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HR Generalists vs Recruitment Process Outsourcing: Who should manage the recruitment function in APAC?

Credit: Allegis

HR generalists have developed something of a love-hate relationship with the recruitment sector in Asia Pacific (APAC), which is partly due to the rising number of applications they have found themselves dealing with in the last few years.

Since the HR generalist’s role demands that they manage a variety of HR tasks – such as administration, employee relations and the control of policy and procedure –  and since most HR generalists are not specialists in recruitment (and many of them just don’t like recruiting) it can present them with additional challenges when candidate volumes are particularly high.

As a result, many HR generalists are delegating tasks – like resume review and initial phone screening – to hiring managers so they can cope with the increased demand, but we are happy to report that there are other, more effective solutions.

Developing a more strategic approach to talent acquisition can deliver benefits for not only hiring managers and HR, but also candidates. Take Recruitment Process Outsourcing (RPO) for instance. RPO allows organizations to entrust a provider to manage the entirety of their permanent hiring, bringing in expertise in everything from sourcing and interviewing to onboarding and training, using the latest technologies and techniques.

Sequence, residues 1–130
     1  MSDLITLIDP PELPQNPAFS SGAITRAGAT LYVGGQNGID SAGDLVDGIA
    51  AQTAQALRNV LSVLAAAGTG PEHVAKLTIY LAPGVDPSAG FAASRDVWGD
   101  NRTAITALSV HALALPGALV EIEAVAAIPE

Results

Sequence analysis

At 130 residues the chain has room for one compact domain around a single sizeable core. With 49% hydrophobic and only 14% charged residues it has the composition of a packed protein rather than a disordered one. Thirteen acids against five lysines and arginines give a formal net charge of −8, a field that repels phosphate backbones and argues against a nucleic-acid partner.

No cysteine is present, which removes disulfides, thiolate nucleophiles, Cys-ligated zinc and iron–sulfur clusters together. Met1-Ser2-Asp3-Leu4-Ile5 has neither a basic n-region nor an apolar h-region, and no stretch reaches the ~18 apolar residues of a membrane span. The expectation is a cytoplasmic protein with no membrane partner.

Companies are thus able to reduce operational costs and improve both productivity and ROI, while reducing the strain on HR generalists within the organization.

9 common problems faced within an HR generalist recruitment model:

Businesses operating an HR generalist talent acquisition processes can come up against a number of challenges that a more effective and fully dedicated approach like RPO can help them tackle. Common problems that can creep up in this type of an in-house recruitment model can include:

  1. Reach: Inability to proactively identify the hidden talent. It can be difficult to unearth the people with the best skills and talent for your company if they are not specifically coming forward for a role that has been advertised. HR generalists are not typically as proactive in sourcing as professional recruiters.

  2. Cost:Having an in-house generalist HR department managing recruitment can be a costly venture, particularly at times when the ideal candidates aren’t actively pursuing your company.  Ultimately many roles may end up going out to agencies at high fees.  

  3. Operational inefficiencies:Inefficiencies in day-to-day operations can occur when HR generalists are forced to step away from their other duties to conduct interviews and screening as part of the recruitment process. They could also be involved in chasing hiring manager feedback, managing the offer details and onboarding, in addition to conducting employee orientation or certain training sessions, which reduces the time they can spend on core HR activities.